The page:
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Hastings Women’s Law Journal

Abstract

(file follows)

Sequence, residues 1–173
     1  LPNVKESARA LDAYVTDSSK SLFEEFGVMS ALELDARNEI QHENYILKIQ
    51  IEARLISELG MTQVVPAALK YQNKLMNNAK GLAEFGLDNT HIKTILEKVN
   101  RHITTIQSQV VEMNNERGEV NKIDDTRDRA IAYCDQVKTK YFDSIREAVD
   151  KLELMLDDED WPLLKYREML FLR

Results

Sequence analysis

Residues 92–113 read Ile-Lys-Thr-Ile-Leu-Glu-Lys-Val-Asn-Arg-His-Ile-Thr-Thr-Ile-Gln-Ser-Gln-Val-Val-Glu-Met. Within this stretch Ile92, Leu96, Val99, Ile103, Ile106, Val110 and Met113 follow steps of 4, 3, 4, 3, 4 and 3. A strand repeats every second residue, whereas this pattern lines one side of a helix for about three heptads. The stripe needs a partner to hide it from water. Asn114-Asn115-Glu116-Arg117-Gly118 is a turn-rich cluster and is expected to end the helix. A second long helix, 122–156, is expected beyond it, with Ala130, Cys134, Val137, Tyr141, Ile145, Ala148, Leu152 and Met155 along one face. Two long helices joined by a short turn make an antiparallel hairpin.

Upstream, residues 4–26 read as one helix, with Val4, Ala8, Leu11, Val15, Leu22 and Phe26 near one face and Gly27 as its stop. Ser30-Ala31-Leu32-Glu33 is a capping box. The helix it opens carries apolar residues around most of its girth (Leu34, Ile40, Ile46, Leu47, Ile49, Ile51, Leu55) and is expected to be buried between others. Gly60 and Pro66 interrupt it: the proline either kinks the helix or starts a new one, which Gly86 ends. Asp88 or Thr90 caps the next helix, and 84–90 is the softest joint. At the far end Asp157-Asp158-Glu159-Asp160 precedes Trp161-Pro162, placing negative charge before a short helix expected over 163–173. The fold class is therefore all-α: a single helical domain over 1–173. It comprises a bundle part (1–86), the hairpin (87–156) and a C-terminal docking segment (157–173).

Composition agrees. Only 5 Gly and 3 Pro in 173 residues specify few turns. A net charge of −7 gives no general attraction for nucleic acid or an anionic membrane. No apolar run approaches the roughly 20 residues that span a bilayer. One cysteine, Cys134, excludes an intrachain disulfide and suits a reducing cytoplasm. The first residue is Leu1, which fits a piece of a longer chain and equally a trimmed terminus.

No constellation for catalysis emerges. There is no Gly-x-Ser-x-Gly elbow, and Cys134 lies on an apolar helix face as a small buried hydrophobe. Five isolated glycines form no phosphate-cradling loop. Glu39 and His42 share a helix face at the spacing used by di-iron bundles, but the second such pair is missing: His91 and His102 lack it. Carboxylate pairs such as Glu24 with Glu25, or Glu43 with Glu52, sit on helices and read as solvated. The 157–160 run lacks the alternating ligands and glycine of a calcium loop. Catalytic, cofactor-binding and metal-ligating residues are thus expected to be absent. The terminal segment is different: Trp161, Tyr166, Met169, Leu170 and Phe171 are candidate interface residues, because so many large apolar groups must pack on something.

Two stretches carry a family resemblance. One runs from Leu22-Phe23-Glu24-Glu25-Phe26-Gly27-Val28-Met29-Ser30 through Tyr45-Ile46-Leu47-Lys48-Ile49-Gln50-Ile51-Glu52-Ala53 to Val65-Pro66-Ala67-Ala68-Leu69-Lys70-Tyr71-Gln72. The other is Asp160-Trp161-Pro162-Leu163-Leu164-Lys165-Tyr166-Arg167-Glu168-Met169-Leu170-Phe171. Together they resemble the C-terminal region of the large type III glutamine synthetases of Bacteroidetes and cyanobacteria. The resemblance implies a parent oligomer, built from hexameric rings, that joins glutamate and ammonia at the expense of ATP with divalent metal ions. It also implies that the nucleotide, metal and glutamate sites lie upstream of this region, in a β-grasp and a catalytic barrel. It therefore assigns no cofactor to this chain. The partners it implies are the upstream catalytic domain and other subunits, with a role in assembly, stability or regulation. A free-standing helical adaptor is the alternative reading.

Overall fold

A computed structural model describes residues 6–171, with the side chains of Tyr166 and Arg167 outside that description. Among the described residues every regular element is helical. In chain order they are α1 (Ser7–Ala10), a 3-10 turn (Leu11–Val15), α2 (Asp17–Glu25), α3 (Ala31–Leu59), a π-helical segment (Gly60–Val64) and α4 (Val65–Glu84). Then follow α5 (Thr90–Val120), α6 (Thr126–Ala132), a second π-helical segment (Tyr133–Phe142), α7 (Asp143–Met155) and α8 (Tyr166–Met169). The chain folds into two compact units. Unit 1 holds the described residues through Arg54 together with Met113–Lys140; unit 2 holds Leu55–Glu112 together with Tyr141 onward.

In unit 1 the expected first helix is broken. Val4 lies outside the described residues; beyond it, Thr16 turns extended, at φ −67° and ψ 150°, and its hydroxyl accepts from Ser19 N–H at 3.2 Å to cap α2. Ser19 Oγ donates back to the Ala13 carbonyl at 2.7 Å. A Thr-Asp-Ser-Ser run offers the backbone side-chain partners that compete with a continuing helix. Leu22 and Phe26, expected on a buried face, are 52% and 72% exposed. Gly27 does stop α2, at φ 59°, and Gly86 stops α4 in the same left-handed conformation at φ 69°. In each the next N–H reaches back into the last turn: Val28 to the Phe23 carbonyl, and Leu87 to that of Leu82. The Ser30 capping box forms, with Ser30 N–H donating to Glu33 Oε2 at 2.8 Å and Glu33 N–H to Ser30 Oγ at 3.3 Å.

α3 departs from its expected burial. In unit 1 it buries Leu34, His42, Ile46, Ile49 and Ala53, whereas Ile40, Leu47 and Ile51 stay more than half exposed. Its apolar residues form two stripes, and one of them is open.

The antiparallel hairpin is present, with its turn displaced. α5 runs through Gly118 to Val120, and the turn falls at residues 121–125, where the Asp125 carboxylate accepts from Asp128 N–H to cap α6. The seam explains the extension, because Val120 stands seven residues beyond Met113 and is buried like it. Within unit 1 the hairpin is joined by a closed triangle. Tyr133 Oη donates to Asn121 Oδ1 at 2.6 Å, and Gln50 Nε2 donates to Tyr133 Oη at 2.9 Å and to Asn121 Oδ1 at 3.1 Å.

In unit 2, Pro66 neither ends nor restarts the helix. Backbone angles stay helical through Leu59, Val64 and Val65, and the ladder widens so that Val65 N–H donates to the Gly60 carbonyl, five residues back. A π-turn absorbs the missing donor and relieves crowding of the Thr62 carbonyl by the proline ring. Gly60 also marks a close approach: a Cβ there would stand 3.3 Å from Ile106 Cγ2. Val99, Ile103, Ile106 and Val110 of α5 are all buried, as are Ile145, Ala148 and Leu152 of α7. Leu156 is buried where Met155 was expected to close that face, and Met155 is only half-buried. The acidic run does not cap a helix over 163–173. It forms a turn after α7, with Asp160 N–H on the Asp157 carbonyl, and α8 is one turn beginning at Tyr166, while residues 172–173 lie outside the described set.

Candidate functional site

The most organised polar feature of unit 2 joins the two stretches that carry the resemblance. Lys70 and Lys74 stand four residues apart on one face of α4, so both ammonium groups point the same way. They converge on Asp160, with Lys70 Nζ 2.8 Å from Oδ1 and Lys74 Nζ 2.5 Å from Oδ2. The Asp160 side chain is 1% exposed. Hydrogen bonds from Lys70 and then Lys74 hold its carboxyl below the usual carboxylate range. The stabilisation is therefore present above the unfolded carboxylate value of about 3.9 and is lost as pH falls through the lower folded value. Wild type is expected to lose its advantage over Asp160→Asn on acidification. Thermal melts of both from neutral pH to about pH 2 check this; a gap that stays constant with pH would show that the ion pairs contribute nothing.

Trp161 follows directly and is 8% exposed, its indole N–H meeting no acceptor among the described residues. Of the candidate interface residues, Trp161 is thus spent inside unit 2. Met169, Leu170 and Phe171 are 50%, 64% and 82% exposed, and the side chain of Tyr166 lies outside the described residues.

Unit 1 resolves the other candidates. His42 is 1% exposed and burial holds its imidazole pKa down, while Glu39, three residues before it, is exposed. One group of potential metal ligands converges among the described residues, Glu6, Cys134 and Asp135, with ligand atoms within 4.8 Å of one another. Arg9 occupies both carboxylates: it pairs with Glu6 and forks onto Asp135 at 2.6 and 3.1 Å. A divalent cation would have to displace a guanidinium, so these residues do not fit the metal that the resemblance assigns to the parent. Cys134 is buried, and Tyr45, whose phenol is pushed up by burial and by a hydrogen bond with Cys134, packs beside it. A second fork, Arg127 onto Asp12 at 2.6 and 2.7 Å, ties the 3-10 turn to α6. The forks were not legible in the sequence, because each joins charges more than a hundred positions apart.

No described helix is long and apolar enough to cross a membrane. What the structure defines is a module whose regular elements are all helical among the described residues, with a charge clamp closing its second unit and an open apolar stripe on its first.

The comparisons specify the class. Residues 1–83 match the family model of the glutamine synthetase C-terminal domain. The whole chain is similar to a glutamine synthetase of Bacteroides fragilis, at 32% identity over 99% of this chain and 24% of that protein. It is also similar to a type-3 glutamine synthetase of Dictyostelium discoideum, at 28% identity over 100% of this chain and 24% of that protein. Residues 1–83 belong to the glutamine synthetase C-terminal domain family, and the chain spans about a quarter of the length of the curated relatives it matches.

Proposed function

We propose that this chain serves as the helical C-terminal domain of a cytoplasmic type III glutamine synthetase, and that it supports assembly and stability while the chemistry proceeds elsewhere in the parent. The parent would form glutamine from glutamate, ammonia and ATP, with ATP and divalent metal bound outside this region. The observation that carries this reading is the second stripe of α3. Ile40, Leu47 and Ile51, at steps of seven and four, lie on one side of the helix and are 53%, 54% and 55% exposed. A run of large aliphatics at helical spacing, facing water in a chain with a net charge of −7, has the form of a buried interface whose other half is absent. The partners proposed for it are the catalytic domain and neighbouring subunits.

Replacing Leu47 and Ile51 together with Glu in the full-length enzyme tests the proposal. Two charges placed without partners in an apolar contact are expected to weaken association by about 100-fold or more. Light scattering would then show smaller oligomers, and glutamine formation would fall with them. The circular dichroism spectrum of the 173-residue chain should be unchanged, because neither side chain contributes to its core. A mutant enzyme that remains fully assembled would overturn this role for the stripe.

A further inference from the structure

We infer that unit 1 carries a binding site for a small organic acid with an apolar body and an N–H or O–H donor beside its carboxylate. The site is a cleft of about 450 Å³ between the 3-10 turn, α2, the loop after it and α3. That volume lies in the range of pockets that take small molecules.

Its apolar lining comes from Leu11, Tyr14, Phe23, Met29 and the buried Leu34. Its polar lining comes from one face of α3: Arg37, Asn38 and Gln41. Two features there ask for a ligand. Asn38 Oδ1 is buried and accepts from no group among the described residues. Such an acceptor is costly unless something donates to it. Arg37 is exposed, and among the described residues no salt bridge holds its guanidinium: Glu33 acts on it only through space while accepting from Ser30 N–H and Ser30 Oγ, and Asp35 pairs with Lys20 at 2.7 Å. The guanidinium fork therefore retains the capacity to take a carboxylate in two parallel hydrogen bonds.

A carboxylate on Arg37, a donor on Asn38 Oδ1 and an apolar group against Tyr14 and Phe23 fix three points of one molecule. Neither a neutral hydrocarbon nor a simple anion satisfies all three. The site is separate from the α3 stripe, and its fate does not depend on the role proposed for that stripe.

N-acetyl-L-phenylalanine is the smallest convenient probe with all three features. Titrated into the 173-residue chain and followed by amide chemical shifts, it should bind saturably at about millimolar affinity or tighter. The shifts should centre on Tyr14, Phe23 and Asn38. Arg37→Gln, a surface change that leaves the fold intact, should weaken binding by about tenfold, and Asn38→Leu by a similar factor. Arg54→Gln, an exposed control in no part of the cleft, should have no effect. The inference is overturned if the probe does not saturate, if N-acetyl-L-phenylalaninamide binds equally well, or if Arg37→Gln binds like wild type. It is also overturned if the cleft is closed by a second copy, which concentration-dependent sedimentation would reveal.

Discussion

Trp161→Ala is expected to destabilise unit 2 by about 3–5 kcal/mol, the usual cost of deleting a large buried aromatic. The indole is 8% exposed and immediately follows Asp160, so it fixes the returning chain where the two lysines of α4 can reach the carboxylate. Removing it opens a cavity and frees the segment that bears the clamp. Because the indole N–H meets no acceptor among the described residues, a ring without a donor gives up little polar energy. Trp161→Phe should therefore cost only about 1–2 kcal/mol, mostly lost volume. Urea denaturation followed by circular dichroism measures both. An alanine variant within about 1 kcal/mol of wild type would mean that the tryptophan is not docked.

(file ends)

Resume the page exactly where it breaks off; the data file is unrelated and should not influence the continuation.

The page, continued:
A quantitative and qualitative examination of seventy-three domestic homicide cases in California suggests that, to the extent women and men commit domestic homicide in different ways and for different reasons, their outcomes at trial are different. Women were more likely to receive weapons enhancements because of their constrained options vis-a-vis weapon choice. However, women who are able to show prior aggression by their male partners may receive lesser sentences than their male and female counterparts even though they are still convicted of an unlawful killing, i.e., when they are unable to prove perfect self-defense. This Note argues that the extent to which a woman's behavior fits into traditional positive and negative conceptions of female behavior seems to have a relationship to the seriousness of the offense for which she is found guilty. Weapons enhancements should be reevaluated in the context of domestic homicide as the current system, aimed at deterring weapon use in violent street crime, disproportionately affects women in domestic homicide prosecutions.

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